Debunking Myths About Veteran Mental Health

Veteran mental health is both a complex and difficult topic, nowadays. While mental illnesses are a contentious topic among the population, at-large, it can be even more so regarding veterans. This has a tremendous impact on how veterans cope with serious conditions, like Post-Traumatic-Stress-Disorder (PTSD), and whether they receive disability benefits through the Veteran Affairs office.

As you might expect, there are plenty of myths and misunderstandings surrounding this topic, including some that veterans themselves mistakenly believe. We’d like to identify some of those, so that you can help our vets overcome these debilitating roadblocks and misperceptions.

Veterans’ Mental Health Myths – How to Debunk Them

  • Myth 1 – “I cannot heal from this. I’m totally broken.
  • How to Respond – Although mental health disabilities are serious, and may persist for a long time, you shouldn’t treat it like a prison sentence. The truth is that there are resources that can help you cope with troubles, and restore your quality of life. There are plenty of rehab services and individuals who want to help. Perhaps the greatest hurdle involves the willingness to ask for them.
  • Myth 2 – “Nobody will understand what I’m going through with my condition.”
  • How to Respond – While everyone’s circumstances are unique, you’re never alone. For one, there are hundreds of thousands of other veterans with similar struggles, who could use your companionship. Plus, as we can attest, there are many folks around Florida who love veterans and are eager to lend a supportive ear.
  • Myth 3 – “Since my condition isn’t the worst. I should just “deal with it” and keep things to myself.
  • How to Respond – There’s no minimal threshold for these types of problems. If you’ve experienced any type of trauma, then you should ask for help. Anyone who finds themselves in dire straits, mentally, physically, or otherwise, deserves a chance to remedy their symptoms as much as possible.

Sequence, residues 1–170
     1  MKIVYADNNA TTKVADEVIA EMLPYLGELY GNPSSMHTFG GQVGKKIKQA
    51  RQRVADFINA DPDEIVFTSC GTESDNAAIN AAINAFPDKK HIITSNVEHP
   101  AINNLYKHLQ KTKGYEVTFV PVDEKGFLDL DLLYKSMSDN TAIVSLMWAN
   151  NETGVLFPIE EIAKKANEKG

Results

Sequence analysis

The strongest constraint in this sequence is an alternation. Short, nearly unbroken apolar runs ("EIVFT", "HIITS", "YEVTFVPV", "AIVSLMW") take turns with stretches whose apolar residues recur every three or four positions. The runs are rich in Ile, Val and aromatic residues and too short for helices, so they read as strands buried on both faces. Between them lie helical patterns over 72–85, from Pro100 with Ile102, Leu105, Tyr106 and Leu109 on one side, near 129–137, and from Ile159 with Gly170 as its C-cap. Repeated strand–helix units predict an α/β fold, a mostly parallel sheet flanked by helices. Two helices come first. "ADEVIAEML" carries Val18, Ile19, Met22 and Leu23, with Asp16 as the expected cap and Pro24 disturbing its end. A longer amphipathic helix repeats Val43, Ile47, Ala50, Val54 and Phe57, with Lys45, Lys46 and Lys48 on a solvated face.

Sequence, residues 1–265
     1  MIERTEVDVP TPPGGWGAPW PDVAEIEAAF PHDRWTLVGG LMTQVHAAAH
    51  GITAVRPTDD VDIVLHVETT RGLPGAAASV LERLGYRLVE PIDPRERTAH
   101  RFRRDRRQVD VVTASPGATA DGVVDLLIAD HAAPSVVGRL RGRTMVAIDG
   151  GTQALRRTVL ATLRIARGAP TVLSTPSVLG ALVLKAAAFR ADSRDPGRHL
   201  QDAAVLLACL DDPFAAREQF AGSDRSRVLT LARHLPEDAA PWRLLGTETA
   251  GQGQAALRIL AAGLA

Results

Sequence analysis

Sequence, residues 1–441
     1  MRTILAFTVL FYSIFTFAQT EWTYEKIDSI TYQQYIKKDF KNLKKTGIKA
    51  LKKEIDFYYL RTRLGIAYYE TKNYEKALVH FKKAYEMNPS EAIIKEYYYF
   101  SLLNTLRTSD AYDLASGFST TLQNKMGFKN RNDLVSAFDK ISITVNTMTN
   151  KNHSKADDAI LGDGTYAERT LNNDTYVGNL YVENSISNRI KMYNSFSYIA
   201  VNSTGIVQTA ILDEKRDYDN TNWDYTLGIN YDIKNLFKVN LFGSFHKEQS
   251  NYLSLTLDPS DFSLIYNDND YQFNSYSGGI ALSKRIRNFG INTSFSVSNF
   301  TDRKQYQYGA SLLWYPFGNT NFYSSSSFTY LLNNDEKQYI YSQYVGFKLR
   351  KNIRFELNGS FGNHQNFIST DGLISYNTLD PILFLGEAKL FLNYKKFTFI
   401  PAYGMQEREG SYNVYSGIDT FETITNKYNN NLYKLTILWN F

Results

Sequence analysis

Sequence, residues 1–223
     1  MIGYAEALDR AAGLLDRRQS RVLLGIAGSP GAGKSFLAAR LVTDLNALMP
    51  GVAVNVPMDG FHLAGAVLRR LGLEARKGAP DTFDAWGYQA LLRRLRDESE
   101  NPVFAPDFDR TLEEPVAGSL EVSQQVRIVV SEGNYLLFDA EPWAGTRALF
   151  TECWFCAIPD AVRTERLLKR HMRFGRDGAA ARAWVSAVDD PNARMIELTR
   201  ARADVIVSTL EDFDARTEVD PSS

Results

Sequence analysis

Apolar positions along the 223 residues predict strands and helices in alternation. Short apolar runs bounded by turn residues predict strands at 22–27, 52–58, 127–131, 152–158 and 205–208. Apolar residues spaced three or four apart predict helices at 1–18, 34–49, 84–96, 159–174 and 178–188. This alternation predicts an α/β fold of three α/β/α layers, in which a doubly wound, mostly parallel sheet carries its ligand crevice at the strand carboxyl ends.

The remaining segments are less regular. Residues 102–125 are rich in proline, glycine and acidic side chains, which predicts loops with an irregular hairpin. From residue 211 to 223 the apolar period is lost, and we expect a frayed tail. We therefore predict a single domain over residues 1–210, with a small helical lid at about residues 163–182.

• Myth 4 – “Veterans are the only ones who live with PTSD.
  • How to Respond – No, this is an increasingly common condition for civilians as well. It can result from traumatic car accidents, sexual assault, or any other time the human brain suffers trauma. The existence of any PTSD is unfortunate, but one silver lining is that veterans never need to feel alone as they cope with the condition.

Those are four of the most confounding myths we hear from veterans, and it would be nice to debunk and eliminate some of the confusion. Since there may be about one million veterans who struggle with PTSD, depression, and other mental illnesses, it beckons our attention.
As always, you can stay on top of veterans’ issues, and various ways to help, by following and supporting SRQ Vets. We’re based in Sarasota, Florida, and serve the area’s service vets with financial/material help, companionship, educational assistance, and more. Contact us anytime to learn how you can join our efforts by calling 941-777-8387.

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